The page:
Opening Voluntary: Chorale Prelude on Wer nur den lieben Gott – Anton Wilhelm Leupold (1868-1940)
Both the text and the tune of our final hymn (#635, Hymnal 1982), Wer nur den lieben Gott, were written and composed by the same individual, Georg Neumark (1621-1681). Created during the period in Europe of The Thirty Years War, it comes from a time, not unlike our own, when social and economic upheavals had produced deplorable conditions in many places. Neumark was traveling from Magdeburg to Konigsberg to study at the university there in 1641 when he was attacked and robbed of nearly all his possessions except his prayerbook and a small amount of money sewn into his clothing. He spent much of the next two years looking unsuccessfully for employment until he found a position as a tutor in Kiel where he was eventually able to save enough money to attend university. He studied in Konigsberg for 5 years before once again losing all that he had in a fire. It was just after finding work as a tutor in Kiel that he composed this hymn. Neumark later wrote, “This good fortune, which came so suddenly and, as it were, from heaven, so rejoiced my heart that I wrote my hymn, Wer nur den lieben Gott, to the glory of my God on that first day.” He gave this hymn a special subtitle reading, “a hymn of consolation, that God will preserve his own in his own time; after the saying, ‘Cast thy burden upon the Lord and he shall sustain thee.’ Psalm 55:24” In spite of a life filled with many tragedies, Neumark went on to write many more hymns expressing his absolute trust in God.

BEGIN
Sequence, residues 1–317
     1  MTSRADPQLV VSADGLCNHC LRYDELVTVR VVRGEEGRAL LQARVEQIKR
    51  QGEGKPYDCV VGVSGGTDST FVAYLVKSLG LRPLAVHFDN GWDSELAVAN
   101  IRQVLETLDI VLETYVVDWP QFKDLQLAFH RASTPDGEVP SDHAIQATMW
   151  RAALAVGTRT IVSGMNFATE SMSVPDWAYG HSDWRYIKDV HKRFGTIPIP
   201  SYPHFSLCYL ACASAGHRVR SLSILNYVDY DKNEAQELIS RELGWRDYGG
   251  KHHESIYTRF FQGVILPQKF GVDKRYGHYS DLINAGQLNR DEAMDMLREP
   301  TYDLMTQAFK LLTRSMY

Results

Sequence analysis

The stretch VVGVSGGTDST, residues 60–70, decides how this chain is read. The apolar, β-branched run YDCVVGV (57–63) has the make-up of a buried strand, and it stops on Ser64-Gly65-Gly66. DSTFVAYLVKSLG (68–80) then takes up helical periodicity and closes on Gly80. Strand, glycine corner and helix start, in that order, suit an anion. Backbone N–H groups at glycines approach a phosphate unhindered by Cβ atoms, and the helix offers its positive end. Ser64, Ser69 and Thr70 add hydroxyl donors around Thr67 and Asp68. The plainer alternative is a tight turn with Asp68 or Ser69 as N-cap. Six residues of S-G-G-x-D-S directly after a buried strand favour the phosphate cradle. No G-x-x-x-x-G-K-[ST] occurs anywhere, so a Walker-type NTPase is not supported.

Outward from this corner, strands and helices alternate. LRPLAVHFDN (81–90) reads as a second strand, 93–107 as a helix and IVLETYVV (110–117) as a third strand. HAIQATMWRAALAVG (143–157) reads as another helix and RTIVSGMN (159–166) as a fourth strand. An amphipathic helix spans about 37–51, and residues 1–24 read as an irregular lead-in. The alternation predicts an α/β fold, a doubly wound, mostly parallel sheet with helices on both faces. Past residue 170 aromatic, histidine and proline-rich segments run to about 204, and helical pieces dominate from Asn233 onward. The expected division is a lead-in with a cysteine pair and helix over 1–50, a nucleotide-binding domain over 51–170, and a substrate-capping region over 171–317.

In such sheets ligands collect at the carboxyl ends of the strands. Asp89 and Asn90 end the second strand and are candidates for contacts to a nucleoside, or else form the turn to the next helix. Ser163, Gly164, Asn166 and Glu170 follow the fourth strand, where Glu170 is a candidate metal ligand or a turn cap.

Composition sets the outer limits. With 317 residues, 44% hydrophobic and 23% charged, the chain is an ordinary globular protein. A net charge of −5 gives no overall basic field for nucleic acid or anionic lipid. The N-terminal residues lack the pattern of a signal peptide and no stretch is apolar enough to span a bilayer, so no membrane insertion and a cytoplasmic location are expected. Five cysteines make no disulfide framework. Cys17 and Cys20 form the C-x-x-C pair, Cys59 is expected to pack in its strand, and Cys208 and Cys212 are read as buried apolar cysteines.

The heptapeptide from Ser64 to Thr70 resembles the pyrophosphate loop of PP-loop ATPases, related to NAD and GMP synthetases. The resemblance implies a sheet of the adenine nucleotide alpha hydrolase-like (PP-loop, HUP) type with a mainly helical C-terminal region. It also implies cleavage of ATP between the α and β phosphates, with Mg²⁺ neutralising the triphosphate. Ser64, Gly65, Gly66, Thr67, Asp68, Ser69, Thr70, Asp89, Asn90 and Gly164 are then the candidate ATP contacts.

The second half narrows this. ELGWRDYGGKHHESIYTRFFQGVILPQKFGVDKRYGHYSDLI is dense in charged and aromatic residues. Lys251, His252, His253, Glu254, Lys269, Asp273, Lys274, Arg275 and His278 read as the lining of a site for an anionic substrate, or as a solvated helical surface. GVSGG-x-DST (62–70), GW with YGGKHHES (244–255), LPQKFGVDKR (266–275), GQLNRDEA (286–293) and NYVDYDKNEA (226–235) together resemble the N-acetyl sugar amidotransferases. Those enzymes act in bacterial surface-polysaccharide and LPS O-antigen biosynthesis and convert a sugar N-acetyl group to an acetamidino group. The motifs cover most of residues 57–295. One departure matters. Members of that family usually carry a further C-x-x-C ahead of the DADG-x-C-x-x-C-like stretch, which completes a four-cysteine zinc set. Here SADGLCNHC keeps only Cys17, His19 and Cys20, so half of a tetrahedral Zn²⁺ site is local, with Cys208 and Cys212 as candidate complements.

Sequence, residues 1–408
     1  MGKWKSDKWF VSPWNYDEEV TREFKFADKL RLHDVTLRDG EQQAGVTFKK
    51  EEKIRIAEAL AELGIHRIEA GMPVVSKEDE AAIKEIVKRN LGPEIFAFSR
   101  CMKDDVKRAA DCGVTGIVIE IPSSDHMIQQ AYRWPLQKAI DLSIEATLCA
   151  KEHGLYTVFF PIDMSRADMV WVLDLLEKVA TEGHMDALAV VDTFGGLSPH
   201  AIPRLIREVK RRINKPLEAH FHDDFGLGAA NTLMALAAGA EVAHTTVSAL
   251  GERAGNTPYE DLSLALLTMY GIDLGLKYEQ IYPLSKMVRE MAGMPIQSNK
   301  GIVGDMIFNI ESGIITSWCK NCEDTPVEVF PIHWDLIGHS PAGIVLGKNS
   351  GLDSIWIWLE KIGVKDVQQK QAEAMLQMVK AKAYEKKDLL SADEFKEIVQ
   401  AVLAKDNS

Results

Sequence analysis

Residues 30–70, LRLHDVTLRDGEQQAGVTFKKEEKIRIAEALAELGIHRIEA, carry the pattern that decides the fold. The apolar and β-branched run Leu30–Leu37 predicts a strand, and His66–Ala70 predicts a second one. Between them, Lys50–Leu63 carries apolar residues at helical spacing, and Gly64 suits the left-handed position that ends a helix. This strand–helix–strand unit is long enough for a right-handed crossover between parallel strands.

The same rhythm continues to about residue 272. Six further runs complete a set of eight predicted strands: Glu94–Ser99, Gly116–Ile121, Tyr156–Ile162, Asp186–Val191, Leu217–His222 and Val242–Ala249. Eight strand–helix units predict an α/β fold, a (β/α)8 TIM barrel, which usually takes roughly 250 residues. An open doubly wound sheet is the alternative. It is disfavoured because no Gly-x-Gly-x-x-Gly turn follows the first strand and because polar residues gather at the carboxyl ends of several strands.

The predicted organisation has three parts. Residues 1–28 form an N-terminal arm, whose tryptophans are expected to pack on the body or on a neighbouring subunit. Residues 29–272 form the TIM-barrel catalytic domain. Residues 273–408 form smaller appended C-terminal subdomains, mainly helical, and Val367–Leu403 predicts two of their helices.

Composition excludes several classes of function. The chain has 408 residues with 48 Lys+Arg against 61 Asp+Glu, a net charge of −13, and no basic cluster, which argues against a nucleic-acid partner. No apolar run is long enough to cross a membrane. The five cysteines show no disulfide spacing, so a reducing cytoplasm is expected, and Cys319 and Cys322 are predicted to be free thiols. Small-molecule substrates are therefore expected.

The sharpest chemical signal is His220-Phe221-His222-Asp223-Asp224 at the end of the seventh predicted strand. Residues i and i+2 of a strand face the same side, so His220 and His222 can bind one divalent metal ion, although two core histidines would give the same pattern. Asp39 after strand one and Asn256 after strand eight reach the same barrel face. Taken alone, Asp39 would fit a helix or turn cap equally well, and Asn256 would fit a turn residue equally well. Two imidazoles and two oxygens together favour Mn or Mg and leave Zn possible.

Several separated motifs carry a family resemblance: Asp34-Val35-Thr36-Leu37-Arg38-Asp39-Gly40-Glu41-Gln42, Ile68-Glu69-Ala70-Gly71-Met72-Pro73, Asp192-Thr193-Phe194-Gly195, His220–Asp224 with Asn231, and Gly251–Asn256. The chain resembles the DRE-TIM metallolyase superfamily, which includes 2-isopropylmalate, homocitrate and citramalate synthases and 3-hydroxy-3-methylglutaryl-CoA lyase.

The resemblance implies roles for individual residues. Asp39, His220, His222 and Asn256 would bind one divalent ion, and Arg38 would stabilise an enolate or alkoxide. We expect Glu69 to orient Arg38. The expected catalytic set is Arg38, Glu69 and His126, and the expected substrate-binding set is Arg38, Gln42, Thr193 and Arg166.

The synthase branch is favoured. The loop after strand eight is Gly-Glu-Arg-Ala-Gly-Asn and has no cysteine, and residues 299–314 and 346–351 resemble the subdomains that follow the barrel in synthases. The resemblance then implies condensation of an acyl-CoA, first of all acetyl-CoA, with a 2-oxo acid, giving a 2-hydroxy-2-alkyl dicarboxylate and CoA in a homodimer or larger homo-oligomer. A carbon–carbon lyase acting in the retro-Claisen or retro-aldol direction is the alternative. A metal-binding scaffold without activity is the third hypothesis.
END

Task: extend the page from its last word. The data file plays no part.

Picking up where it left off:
Wer nur den lieben Gott became especially popular through the Baroque era, and J. S. Bach (1685-1750) included it in no fewer than eight cantatas and also wrote several chorale preludes based on it. Catherine Winkworth (1827-1878) published an initial English translation of the hymn in her Lyra Germanica in 1855. This first attempt, however, was in a different meter than the original and was, thus, unsingable with Neumark’s melody. She later radically revised her work in a new translation and published it a second time in The Chorale Book for England (1863) where it was reunited with Neumark’s original tune. This version has had extensive use, especially in American Lutheranism, from the last quarter of the 19th century. The Hymnal 1982 employs, slightly revised, the first and last stanzas of the original, seven-stanza hymn.
The chorale prelude played today as our opening voluntary is the work of Anton Wilhelm Leupold (1868-1940). A native of Austria, Leupold became the organist of St. Peter’s Church, Berlin in 1899, a position he would hold for the next forty years. Although he composed many types of church music, the bulk of his works were in the genre of the chorale prelude, of which he left some 200 examples.